However, many of these birds are trapped abroad in countries like Pakistan, China and Afghanistan, and then brought - often illegally - into the Gulf states. Serious falconers look after their birds, and at the end of the season, birds that are used for falconry are often released back into the wild - but many birds die during transportation, and others which are unsold are often killed and stuffed.
Some Gulf countries like Qatar - the first country to accept the use of falcon passports - and the UAE have been trying to regulate and protect the bird. In addition to requiring the use of identification, countries like the UAE have also encouraged the breeding of captive birds to try and protect the wild population. Many falconers, however, still consider wild birds to be better hunters.
Types of Falcon used for hunting
There are a number of birds used for hunting in the Gulf. Historically, the most popular birds have been the Peregrine Falcon and the Saker.
The Peregrine Falcon
The Peregrine Falcon (Falco peregrinus) is one of the birds used in the hunt, and has the distinction of being the fastest bird on earth. When flying horizontally the bird can reach 110 kph, but according to Extreme Science the bird's top speed, when diving, can reach 440 km/h - that's over 270 miles per hour. The speed of the bird means that it often kills its prey on impact. However, as is is not large enough to hunt the Houbara the Peregrine falcon is no longer as popular as it used to be.
For many years the Peregrine Falcon was considered endangered, although more due to the use of the pesticide DDT rather than falconry. Happily, in the 1990's the bird was removed from the endangered list. The Saker, however, is another matter.
Listen to the sounds of Peregrine Falcons:
The Saker (Falco Cherrug) is a much larger bird than the Peregrine Falcon, and has broad blunt wings with a span of up to 105-129cm. The Saker is unusual in that it does not create its own nests, but uses that of others birds. The Saker hunts differently from the Peregrine, and chasing prey horizontally, and can bring down gazelle as well as birds. The Saker is categorised as endangered, with the pressures of falconry compounded by a loss of habitat.
Listen to the sound of the Saker Falcon:
Nowadays hybrd birds are also popular for hunting. The use of hybrid birds has, however, been banned in Qatar - a fact criticised by some suppliers as encouraging the trade of illegal wild birds.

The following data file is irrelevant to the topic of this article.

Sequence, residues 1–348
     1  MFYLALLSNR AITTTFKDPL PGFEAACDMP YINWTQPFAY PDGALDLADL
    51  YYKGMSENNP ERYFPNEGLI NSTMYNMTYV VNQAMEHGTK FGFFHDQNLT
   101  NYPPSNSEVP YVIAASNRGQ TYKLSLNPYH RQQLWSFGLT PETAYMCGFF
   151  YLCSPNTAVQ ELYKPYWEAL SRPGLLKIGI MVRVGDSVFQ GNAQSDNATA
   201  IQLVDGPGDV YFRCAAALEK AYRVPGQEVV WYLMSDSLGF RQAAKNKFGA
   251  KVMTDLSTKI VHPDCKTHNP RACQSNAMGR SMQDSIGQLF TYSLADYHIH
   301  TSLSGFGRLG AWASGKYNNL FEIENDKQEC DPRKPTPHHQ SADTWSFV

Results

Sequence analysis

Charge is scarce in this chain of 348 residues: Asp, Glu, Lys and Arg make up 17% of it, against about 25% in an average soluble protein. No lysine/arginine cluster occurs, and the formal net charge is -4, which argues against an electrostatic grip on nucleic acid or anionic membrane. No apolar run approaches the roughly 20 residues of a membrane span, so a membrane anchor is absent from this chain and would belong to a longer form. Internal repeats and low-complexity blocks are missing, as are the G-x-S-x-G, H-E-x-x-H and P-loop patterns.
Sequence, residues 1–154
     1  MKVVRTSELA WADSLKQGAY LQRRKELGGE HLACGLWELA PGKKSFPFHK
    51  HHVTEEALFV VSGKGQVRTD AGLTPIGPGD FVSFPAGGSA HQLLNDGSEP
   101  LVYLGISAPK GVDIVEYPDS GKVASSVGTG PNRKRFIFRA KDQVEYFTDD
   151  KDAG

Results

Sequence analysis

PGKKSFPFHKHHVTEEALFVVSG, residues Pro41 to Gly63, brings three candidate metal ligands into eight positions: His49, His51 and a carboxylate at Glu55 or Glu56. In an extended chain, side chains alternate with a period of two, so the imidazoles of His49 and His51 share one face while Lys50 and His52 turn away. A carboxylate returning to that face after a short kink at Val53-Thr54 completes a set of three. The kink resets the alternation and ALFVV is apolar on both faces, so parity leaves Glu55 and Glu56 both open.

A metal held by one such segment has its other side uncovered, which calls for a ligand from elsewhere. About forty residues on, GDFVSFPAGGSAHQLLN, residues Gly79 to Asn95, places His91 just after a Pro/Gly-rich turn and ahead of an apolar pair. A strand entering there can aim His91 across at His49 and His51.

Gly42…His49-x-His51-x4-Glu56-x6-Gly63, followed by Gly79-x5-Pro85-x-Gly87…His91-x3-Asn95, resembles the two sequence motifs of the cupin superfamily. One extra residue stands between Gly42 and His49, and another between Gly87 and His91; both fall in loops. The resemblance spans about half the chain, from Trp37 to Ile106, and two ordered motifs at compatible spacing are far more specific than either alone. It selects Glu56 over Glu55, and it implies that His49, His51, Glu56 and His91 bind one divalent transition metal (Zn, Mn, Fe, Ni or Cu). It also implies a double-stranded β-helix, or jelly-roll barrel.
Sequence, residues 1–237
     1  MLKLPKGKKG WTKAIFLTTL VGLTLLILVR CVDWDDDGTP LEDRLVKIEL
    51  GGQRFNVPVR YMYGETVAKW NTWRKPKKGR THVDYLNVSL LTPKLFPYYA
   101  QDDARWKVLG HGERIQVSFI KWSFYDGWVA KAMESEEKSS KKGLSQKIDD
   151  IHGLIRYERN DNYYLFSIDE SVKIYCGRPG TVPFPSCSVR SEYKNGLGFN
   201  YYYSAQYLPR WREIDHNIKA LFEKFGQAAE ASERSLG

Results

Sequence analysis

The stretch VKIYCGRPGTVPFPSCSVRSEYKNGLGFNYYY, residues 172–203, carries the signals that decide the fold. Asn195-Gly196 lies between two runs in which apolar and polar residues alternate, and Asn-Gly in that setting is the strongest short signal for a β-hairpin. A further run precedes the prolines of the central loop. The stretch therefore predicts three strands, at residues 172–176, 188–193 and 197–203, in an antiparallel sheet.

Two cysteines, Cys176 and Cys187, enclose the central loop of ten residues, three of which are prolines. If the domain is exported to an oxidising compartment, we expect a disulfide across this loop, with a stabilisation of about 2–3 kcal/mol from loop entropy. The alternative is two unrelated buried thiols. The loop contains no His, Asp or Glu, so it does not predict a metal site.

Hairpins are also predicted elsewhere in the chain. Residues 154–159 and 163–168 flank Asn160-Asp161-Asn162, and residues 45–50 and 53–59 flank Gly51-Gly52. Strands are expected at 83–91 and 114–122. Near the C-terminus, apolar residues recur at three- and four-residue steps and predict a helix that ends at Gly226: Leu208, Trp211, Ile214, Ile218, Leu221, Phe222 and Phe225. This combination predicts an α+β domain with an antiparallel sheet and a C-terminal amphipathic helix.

The favourite prey of the falconer is the Houbara Bustard. Unfortunately for the Arab falconers, due to heavy hunting these are increasingly rare in Qatar and the other Gulf states. Although the importance of conservation is now understood by falconers, especially in the UAE where there are breeding programmes for the Hubara, serious falconers have to go further afield to find rich hunting grounds, often travelling to Pakistan or Iran.
The houbara is a popular prey for several reasons. Despite its size, it is a fast flying bird, and the battle between the bird of prey and the Houbara is considered good sport. The meat is also said to be delicious - and, last of all, it is also considered to be an aphrodisiac.
Originally, after the falcon was released, the falconers followed by horse or even on foot. These were replaced by cars, modified with extra springs to take the pressures of the desert. Now the jeeps or land cruisers are used - cars that can easily take the punishment of driving at speed across the desert. These two can be modified, with elevated swivelling seats to help the hunters spot the prey. Modern falconers may also be accompanied by computers and radar.
The falconer or the falcon master must be present at the kill, when the bird brings the prey down. This is both to make sure the falcon is not damaged in a tussle when bringing down a larger bird, and also to make sure that it is killed in the proper Islamic way - uttering the name of God.
Hunting Gazelle with Falcons
The movie below shows the ruler of Dubai hunting with his falcon.